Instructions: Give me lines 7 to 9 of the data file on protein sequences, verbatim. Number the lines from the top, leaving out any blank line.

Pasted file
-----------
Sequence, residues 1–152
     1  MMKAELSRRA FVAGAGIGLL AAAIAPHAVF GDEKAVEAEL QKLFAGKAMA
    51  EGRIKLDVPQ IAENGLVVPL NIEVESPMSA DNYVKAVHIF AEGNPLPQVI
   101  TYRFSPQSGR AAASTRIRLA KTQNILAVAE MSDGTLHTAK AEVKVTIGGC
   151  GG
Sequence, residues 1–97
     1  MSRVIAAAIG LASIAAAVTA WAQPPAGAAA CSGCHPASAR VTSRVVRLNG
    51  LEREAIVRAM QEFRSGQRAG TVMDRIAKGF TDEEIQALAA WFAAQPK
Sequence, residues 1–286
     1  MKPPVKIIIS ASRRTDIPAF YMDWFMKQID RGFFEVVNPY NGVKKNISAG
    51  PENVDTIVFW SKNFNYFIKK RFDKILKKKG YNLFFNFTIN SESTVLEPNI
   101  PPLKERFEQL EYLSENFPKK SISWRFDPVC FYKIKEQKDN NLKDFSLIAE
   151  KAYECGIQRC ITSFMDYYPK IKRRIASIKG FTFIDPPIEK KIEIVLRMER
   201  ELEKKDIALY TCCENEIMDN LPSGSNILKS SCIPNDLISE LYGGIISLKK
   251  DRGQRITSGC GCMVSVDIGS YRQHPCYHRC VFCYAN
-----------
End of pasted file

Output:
     1  MSRVIAAAIG LASIAAAVTA WAQPPAGAAA CSGCHPASAR VTSRVVRLNG
    51  LEREAIVRAM QEFRSGQRAG TVMDRIAKGF TDEEIQALAA WFAAQPK
Sequence, residues 1–286